More patients with spontaneous intracranial hypotension are now being diagnosed, and it is realized that most cases result from spontaneous cerebrospinal fluid leaks. A broader clinical and imaging spectrum of the disorder is recognized. This paper reviews new insights into the variability of clinical manifestations, imaging features, etiological factors, anatomy of leaks, and implications of these in patient management. Spontaneous intracranial hypotension should not be equated with post-lumbar puncture headaches. In a substantial minority of patients, headaches are not orthostatic and may mimic other types of headache. Additional diverse neurological manifestations may dominate the clinical picture and patients may occasionally have no headache at all. Reports on unusual presentations of the disorder continue to appear in the literature. Furthermore, additional imaging features of cerebrospinal fluid leaks are recognized. High-flow and slow-flow leaks may present diagnostic challenges, and require modification of diagnostic studies aimed at locating the site of the leak. Stigmata of connective tissue abnormality, especially abnormalities of fibrillin and elastin, are seen in a notable minority of patients, pointing to weakness of the dural sac as one of the etiological factors. After treatment of spontaneous intracranial hypotension, surgically or by epidural blood patch, a rebound and self-limiting intracranial hypertension may sometimes develop. In the past decade, interest in spontaneous intracranial hypotension has been rekindled, with a substantial growth of knowledge on various aspects of the disorder. We are in the learning phase, and new information will probably appear in the future, with notable diagnostic and therapeutic implications.

  12. Sinusitis and intracranial sepsis: the CT imaging and clinical presentation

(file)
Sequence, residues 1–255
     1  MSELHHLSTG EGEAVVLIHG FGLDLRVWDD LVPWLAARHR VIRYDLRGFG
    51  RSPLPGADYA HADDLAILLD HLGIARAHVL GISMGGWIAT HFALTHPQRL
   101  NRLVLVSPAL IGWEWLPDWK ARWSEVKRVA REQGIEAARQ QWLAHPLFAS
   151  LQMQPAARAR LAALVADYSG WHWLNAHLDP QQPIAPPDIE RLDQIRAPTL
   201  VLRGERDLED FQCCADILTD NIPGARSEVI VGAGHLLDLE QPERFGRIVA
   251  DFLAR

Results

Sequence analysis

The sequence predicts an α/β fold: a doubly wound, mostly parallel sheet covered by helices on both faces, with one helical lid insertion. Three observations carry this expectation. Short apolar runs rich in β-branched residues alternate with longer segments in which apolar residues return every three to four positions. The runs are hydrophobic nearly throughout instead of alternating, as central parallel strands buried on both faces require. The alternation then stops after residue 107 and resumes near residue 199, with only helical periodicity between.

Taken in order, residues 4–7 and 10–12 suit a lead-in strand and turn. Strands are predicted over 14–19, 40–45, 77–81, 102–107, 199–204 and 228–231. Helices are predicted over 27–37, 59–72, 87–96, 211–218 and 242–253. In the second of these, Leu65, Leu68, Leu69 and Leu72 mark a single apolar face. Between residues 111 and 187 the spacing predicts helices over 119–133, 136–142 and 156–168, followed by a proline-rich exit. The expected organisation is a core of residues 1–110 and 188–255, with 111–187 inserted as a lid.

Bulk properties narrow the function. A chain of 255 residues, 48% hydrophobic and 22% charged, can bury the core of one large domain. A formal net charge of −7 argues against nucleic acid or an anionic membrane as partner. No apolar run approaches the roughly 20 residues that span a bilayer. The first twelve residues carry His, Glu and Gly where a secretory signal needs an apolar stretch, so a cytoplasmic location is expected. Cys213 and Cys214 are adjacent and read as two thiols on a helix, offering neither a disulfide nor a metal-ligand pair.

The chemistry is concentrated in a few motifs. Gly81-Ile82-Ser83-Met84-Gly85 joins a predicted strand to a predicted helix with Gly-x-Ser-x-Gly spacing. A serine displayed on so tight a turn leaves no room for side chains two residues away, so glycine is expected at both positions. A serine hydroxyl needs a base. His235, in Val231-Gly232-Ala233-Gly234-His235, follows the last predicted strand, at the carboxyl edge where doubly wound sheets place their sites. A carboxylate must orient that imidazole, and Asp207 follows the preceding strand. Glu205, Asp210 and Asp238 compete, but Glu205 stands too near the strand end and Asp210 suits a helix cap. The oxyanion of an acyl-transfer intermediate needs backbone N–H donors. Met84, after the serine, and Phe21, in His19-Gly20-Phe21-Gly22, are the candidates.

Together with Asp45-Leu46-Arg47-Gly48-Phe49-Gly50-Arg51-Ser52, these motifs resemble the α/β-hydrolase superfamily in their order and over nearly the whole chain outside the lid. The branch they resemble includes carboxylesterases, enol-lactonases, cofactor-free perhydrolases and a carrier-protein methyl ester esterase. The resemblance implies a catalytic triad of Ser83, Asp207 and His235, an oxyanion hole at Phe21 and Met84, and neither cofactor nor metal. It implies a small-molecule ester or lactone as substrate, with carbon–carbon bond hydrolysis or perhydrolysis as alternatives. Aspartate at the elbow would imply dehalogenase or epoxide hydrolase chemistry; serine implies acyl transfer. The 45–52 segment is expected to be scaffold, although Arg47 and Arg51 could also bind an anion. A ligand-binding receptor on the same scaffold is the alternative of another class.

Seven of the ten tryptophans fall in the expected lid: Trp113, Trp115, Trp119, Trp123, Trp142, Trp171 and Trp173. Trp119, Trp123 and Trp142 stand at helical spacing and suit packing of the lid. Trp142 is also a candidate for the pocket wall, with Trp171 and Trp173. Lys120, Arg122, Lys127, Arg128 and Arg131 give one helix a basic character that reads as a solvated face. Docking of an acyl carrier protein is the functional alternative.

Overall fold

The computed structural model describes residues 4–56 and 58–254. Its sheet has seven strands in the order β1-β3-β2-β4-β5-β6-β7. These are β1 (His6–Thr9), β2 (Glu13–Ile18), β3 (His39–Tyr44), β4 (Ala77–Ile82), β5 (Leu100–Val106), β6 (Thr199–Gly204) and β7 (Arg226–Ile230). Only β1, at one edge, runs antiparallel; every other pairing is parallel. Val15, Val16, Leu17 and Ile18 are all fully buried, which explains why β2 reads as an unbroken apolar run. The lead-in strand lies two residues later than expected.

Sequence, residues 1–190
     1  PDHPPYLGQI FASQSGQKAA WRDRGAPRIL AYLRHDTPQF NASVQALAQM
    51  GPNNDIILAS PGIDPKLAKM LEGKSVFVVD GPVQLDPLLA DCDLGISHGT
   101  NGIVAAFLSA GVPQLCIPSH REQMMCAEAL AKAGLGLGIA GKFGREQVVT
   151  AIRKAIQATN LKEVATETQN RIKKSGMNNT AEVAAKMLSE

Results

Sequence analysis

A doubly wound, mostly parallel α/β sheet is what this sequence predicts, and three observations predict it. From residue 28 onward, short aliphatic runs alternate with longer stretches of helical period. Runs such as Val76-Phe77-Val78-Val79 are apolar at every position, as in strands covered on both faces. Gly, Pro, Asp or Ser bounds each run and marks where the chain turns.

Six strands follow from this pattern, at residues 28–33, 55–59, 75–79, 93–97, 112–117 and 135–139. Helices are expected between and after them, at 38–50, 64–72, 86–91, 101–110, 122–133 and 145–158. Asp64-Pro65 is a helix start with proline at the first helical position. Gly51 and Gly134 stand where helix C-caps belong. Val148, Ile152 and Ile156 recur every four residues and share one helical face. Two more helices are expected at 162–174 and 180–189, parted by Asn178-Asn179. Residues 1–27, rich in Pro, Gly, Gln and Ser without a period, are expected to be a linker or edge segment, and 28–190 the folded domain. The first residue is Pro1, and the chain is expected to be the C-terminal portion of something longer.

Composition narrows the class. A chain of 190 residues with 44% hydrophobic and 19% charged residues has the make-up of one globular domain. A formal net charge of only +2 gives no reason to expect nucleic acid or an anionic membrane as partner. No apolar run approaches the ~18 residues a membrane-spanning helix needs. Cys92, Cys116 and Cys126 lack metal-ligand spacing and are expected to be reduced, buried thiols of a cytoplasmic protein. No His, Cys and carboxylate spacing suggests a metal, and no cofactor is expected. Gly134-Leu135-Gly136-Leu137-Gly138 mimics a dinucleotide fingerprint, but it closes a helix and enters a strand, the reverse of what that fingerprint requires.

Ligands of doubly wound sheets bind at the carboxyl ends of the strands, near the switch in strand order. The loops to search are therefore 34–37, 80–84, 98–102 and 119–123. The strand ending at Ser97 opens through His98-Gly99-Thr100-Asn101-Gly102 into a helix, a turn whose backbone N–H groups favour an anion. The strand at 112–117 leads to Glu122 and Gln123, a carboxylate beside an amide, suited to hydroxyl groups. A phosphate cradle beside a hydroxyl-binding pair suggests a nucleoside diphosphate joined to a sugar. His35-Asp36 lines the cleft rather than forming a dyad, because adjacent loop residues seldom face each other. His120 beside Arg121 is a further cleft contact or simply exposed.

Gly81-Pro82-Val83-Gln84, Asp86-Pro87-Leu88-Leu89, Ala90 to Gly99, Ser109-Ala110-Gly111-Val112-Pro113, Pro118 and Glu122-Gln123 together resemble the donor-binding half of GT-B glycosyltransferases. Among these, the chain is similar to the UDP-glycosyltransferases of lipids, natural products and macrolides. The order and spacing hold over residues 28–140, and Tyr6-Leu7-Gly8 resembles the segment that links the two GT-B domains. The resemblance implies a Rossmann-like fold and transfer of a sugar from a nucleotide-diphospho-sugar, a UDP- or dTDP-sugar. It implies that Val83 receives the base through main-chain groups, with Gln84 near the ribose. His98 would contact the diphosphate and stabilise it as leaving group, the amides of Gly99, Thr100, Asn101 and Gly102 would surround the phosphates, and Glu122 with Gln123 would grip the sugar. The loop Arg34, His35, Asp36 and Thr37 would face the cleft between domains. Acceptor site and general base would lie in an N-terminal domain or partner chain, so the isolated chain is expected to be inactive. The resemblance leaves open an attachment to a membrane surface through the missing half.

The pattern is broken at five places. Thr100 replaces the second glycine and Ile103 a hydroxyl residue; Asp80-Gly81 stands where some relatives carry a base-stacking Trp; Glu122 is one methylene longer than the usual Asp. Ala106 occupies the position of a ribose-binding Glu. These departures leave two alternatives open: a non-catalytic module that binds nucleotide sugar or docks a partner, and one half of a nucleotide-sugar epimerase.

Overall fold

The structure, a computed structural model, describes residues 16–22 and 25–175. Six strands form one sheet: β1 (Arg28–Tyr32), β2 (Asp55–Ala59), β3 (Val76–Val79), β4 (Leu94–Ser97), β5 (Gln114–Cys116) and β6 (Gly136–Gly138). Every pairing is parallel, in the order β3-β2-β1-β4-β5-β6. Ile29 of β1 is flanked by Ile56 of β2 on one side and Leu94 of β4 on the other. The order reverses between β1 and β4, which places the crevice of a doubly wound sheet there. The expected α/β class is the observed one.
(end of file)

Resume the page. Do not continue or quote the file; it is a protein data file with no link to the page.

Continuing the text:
International Nuclear Information System (INIS)

    Saxton, V.J.; Boldt, D.W.; Shield, L.K.

    1995-01-01

    The CT imaging and clinical presentation in 14 children with coexistent intracranial sepsis and sinusitis were reviewed. A routine CT head scan (10-mm thick semi-axial slices through the cranium done before and after intravenous contrast medium administration) was found to be an inadequate initial investigation as the intracranial collection was missed in four patients and the abnormal sinuses not shown in six. In half the children the dagnosis of sinusitis was unsuspected at the time of admission. The dominant clinical features were fever, intense headache and facial swelling in early adolescent males. In this clinical setting we recommend: (1) The routine scan is extended through the frontal and ethmoidal sinuses and photographed at a window level and width showing both bone detail and air/soft tissue interfaces; (2) direct coronal projections are performed through the anterior cranial fossa if no collection is seen on the routine study; (3) an early repeat scan within 48 h if the initial study shows no intracranial pathology but the fronto-ethomoidal sinuses are abnormal and there is a high clinical supicion of intracranial sepsis; and (4) in the presence of intracranial sepsis the vault is viewed at bone window settings to exclude cranial osteomyelitis. (orig.)

  13. Basis for molecular diagnostics and immunotherapy for esophageal cancer.

    Science.gov (United States)

    Abdo, Joe; Agrawal, Devendra K; Mittal, Sumeet K

    2017-01-01